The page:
The Drosophila homolog of the insulin/IGF1 receptor, InR, is essential for normal development and is required for the formation of the epidermis and the central and peripheral nervous systems during embryogenesis (Fernandez, 1995). All described alleles of InR are recessive embryonic or early larval lethal. Only weak heteroallelic combinations of InR alleles were found to be viable and yield adults with a severe developmental delay, small body size, and female sterility (Fernandez, 1995, Chen, 1996 and Brogiolo, 2001).

Flies that are homozygous for a partial loss-of-function mutation in InR (InRE19) (Chen, 1996) show a phenotype similar to that previously described for weak heteroallelic combinations. The developmental time is extended from 10 to 20 days, and body size is severely but proportionally reduced. The mutant flies are approximately half the weight of their heterozygous siblings, and females are sterile. Furthermore, like chico mutant flies, InRE19 flies have an almost 2-fold increase in lipid content. The small body size is attributable to a reduction in cell size and cell number by 23% and 17%, respectively as revealed by measuring cell density in the wing. Similarly, the average number of ommatidia in the compound eye of mutant male flies is 378 +/- 8 compared to 683 +/- 8 in heterozygous control flies. No dominant size reduction was observed with various InR alleles (Brogiolo, 2001).

The reduced overall size could be due to InR acting in the humoral regulation of growth or to it functioning autonomously in a cell- and tissue-specific manner. To test whether InR affects body parts autonomously, InR function in the eye imaginal disc was selectively removed using the ey-FLP technique. The eye imaginal disc gives rise to the adult eye and the head capsule. Mosaic flies with heads largely homozygous for various InR alleles display a dramatic reduction in eye tissue and in the head capsule, whereas the other body parts are of wild-type size. Notably, the head size is dependent on the allele. This allowed alleles to be arranged according to their phenotypic strength. The strongest reduction in head size was observed with InR339, a putative null allele, followed by InR31, InR211, InRE19, and InR353. Thus, InR regulates head size autonomously (Brogiolo, 2001).

A comparison of homozygous mutant tissue with heterozygous tissue in tangential sections of mosaic eyes reveals an estimated reduction in ommatidial size of one third for InRE19 homozygous mutant tissue and of more than half for a candidate null allele. Importantly, this growth defect does not impede proper cell fate determination, given that the normal arrangement of the photoreceptor rhabdomeres is retained. Furthermore, the cell size reduction is cell autonomous, as can be seen at the border between homozygous mutant tissue and heterozygous tissue; within the same ommatidial unit, small homozygous cells coexist with normal-sized heterozygous cells. Although cells lacking InR function survive and differentiate normally, they have a growth disadvantage compared to heterozygous cells. When homozygous mutant cell clones are induced during early larval life and analyzed in the imaginal discs in the third instar, clone size is greatly reduced, compared to the wild-type sister clone. The phenotypes of InR mutant cells are strikingly similar to those of mutants in the Pi(3)K/PKB pathway. Therefore, it is likely that InR directly regulates cell growth at least in part through the Pi(3)K/PKB pathway (Brogiolo, 2001).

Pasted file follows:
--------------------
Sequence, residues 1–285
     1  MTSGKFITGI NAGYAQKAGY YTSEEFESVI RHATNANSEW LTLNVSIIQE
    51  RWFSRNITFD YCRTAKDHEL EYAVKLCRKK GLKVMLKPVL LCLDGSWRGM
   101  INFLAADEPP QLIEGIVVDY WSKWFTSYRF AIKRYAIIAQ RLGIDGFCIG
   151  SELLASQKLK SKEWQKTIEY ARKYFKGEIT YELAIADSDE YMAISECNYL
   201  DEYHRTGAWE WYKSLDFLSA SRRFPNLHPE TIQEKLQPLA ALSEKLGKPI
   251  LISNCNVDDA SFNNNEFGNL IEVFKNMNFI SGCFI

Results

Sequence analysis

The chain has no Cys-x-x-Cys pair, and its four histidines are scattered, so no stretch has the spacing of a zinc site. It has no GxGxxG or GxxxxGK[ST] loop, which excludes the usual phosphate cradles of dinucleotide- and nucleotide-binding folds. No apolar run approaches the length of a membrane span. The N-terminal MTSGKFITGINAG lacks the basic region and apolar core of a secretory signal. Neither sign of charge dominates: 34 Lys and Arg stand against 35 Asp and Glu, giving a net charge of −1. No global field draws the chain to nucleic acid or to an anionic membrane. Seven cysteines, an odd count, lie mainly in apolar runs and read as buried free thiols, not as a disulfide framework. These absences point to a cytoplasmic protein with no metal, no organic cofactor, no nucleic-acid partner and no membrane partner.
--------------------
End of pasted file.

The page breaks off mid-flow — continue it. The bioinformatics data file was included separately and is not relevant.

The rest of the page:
The structure of InR is similar to the mammalian insulin receptor (Inr) and the IGF1 receptor (IGF1R). It is a tetramer composed of two subunits containing the putative ligand binding domains and two transmembrane subunits containing the cytoplasmic tyrosine kinase domains. In contrast to human receptors, InR possesses extensions at the amino and carboxy termini. The C-terminal extension contains binding sites for downstream components similar to those found in insulin receptor substrates (IRS), and has been shown to be able to signal in the absence of IRS proteins (Yenush, 1996). Furthermore, genetic evidence in Drosophila suggests that InR can signal in the absence of Chico, the IRS1-4 homolog. In order to understand the molecular basis for differences in strength of InR phenotypes, the cytoplasmic region of several InR alleles was sequenced. In the cytoplasmic portion, 5 out of 22 alleles carry a point mutation. All of them map to conserved amino acid residues within the kinase domain. Two of these point mutations lead to premature stop codons and three are missense mutations. In humans, most of the mutations that occur within the tyrosine kinase domain of the Inr have been shown to impair insulin-stimulated tyrosine kinase activity. InR353 (Arg1419Cys) affects an active site residue, which mediates insulin receptor kinase substrate specificity. Remarkably, a human patient with severe growth retardation associated with insulin resistance, a syndrome called leprechaunism, carries an amino acid exchange at the corresponding position (Arg1092Glu). It is the only reported homozygous viable mutation in the kinase domain of the human Inr. The patient's parents were heterozygous for this substitution and had severe insulin resistance, but no growth anomalies. Similarly, heterozygosity for InR alleles does not lead to growth phenotypes. These results suggest a role for the insulin receptor in growth control that has been conserved from insects to humans (Brogiolo, 2001).